When completing the natural gas tax report for a qualifying well the “exemption type” field must be reported as “05”, “Reduced Tax Rate For Type 05” should be reported, and “Tax due on Type 05” is calculated by multiplying the “Net Taxable Value” times the “Reduced Tax Rate For Type 05.”
Recovery of Prior Taxes Paid
It is possible to recover severance taxes paid prior to the well being approved as “high cost gas” by filing the appropriate amended returns. There are limitations imposed on refund claims as follows; the ordinary 4 year statute of limitations applies. Amended returns for periods due and payable prior to the Comptroller signature date on the application must be filed within 1 year of the signature date indicated on the TRRC application for exempt certification. As noted above, if the application is not received by the deadline, the exemption is reduced by 10% for the report period beginning the 180th day after the first day of production and ending on the date the application is filed with the Comptroller. Finally, a “work over” lease may not be eligible for an existing exemption under the old lease number. Taxpayers should contact the TRRC to determine if the lease qualifies for an existing exemption, otherwise a new application with the TRRC and the Comptroller’s office is likely required.
Flared/Released Gas Exemption
The Texas legislature created an exemption effective September 1, 1997 for the marketing of gas that had been previously flared or released from oil leases. To qualify, an oil lease must have flared/released the gas according to TRRC regulations in the previous year, and a certification letter must be obtained. The exemption is effective for the life of the applicable well. To apply, a taxpayer must submit a completed exemption application form AP-217 along with a copy of the certification letter from the TRRC to the Comptroller of Public Accounts (“Comptroller”). Once the application is approved, the Comptroller will send a letter acknowledging that the well qualifies.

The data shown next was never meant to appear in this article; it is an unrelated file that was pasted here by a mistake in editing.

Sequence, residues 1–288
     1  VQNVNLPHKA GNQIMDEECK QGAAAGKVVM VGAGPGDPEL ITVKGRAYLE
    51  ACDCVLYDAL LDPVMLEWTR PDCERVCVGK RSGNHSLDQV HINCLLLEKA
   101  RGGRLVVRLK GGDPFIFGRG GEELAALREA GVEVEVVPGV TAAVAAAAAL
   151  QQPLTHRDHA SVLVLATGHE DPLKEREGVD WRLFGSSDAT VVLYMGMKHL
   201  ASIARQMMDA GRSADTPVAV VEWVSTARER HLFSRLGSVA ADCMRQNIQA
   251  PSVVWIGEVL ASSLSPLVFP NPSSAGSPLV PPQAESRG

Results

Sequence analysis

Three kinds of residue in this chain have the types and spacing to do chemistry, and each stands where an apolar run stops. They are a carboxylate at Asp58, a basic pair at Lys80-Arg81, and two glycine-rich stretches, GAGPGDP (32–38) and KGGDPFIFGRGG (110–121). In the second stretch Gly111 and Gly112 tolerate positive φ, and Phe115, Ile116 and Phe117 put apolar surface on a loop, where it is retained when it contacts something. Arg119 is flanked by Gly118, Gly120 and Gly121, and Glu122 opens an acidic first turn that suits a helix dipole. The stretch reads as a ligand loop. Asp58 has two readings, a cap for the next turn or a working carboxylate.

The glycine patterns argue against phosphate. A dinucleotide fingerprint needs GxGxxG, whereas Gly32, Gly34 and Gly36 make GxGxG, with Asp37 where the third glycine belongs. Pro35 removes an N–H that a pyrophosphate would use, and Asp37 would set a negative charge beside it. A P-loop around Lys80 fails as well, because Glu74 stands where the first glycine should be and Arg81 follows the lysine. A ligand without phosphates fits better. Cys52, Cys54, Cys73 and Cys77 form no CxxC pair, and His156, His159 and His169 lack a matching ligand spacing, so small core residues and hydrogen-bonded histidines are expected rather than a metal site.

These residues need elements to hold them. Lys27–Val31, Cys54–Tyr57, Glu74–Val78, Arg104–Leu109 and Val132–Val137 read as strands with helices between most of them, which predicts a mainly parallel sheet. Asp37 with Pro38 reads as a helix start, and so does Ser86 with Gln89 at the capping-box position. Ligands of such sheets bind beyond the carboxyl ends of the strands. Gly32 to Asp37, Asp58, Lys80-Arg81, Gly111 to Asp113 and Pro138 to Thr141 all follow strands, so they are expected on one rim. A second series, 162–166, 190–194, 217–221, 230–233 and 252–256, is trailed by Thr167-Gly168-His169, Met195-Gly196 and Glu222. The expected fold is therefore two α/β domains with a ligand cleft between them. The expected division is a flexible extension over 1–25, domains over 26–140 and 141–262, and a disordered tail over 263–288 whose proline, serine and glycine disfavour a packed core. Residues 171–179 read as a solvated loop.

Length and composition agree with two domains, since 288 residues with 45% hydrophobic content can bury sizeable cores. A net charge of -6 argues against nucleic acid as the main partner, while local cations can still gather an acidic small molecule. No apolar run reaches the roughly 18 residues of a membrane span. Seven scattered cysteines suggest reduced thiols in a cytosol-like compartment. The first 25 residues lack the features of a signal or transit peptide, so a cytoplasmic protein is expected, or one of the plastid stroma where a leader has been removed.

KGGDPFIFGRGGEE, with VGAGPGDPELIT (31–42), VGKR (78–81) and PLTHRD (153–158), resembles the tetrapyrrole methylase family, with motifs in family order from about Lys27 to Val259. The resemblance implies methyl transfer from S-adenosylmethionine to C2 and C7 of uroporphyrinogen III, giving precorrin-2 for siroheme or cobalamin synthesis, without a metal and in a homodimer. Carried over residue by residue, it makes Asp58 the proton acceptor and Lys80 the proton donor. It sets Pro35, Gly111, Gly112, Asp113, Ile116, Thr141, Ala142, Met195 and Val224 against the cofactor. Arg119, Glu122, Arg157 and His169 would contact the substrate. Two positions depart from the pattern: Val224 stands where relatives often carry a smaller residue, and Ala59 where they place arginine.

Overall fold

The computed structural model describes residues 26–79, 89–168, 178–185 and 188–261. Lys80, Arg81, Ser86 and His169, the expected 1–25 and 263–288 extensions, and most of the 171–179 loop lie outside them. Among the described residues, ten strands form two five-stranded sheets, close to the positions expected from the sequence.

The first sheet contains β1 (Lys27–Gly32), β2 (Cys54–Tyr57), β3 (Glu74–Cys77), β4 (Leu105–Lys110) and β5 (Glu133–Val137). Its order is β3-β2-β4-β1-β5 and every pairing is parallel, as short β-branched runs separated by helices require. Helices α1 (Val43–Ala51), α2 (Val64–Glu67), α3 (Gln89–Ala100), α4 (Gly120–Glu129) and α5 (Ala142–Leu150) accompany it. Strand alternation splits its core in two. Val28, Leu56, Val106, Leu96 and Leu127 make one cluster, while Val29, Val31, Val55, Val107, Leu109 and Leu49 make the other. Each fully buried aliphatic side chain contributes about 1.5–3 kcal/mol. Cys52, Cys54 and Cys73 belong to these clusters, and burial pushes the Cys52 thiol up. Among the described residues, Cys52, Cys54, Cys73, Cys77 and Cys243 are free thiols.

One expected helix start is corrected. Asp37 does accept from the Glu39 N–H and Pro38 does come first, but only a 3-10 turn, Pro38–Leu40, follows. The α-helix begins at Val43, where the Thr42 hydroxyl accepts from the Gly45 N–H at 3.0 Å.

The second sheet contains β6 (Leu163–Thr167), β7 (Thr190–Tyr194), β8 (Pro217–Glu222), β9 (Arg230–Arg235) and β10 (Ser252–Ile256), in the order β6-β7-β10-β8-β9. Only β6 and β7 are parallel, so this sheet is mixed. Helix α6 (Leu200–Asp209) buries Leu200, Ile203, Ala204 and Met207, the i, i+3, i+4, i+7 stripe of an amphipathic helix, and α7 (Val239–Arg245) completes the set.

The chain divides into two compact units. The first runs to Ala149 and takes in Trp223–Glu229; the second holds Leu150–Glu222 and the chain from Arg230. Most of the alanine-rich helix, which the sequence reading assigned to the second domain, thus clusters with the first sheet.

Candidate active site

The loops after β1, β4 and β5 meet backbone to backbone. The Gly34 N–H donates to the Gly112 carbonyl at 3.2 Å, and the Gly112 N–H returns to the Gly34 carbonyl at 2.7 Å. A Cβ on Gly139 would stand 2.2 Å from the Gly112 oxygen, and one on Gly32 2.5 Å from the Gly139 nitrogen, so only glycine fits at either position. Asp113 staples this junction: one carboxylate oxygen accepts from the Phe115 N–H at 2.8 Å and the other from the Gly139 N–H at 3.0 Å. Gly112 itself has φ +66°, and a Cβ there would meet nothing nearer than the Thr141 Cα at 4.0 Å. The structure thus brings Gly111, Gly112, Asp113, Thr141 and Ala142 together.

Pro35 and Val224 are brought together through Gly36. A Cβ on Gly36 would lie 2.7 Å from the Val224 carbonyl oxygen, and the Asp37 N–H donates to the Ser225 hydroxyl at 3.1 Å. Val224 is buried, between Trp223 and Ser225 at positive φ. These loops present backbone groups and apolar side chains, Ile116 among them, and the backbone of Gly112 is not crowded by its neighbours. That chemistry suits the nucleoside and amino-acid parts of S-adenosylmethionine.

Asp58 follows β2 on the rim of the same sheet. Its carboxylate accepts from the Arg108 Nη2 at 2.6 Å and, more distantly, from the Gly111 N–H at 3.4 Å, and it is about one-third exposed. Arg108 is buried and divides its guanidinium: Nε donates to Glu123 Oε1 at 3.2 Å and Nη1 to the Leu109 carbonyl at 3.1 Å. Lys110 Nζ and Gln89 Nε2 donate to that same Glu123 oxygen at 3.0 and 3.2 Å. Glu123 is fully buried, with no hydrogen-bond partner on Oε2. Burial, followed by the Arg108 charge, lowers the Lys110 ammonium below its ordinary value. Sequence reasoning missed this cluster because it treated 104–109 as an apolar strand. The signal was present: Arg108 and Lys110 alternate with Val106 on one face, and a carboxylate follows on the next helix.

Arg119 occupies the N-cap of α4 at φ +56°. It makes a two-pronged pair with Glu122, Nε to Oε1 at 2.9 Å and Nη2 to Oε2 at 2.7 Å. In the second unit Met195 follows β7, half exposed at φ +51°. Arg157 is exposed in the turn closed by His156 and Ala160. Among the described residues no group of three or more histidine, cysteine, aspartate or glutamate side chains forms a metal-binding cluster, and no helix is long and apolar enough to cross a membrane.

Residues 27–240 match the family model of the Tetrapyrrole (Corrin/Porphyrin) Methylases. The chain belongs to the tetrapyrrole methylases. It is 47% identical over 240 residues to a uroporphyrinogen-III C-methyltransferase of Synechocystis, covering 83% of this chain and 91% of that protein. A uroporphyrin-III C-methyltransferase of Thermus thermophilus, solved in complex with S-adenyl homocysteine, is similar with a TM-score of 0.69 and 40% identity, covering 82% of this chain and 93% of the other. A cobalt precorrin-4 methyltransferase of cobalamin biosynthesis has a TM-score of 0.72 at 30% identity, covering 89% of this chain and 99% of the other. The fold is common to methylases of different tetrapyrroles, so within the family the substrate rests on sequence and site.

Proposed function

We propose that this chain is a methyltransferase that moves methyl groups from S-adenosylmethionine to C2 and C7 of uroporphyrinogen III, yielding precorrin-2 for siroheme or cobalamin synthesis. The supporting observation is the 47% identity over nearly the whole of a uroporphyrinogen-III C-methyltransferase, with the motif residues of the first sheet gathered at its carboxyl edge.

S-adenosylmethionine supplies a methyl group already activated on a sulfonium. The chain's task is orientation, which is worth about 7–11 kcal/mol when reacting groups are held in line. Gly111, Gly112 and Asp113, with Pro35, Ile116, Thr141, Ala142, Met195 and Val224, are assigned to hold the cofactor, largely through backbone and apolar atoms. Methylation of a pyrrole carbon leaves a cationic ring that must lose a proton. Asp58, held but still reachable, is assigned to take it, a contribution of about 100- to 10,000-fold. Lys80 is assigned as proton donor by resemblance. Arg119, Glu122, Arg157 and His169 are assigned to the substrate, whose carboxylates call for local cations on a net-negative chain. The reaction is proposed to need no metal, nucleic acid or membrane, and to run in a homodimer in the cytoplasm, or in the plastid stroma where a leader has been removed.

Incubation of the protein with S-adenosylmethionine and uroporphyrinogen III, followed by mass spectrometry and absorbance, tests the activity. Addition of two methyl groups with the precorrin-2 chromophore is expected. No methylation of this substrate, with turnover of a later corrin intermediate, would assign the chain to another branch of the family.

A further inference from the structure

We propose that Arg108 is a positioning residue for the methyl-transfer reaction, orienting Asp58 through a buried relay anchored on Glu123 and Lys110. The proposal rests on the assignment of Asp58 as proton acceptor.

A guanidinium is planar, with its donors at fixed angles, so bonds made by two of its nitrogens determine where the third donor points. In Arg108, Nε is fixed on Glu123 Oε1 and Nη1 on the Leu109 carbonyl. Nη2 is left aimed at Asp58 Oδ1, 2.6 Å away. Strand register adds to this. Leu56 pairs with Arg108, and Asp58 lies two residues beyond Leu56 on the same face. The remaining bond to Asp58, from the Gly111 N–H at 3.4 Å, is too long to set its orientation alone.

1. Beginning with the September 2003 reporting period, the oil field clean-up regulatory fee is due on approved exempt leases for flared/released gas where the taxpayer has reported as being liable for the tax for commodities reported as raw gas, lease use and products.
2. Qualifying wells are 100% exempt from the natural gas tax.
For qualifying wells on the natural gas tax report the exemption “type” should be reported as “04” and “net taxable value” should be reported as zero.
Recovery of Prior Taxes Paid
To recover taxes previously paid on an exempt well, amended reports must be filed for periods prior to the Comptroller’s approval. Please note that for refund claims, the ordinary 4 year statute of limitations applies.
Reactivated Orphan Well Exemption
The Texas Legislature approved an exemption, effective January 1, 2006 for oil or gas wells that have been approved for the TRRC’s “orphan” well program. The exemption begins on the 1st day of the month following the Comptroller’s approval of the taxpayer’s application, and lasts as long as the approved operator runs the qualifying well. To qualify, taxpayers must obtain a certification letter from the TRRC designating the well in question as a “reactivated orphan well.” Once the certification letter is received, a taxpayer must then submit a completed application form AP-217 along with the letter.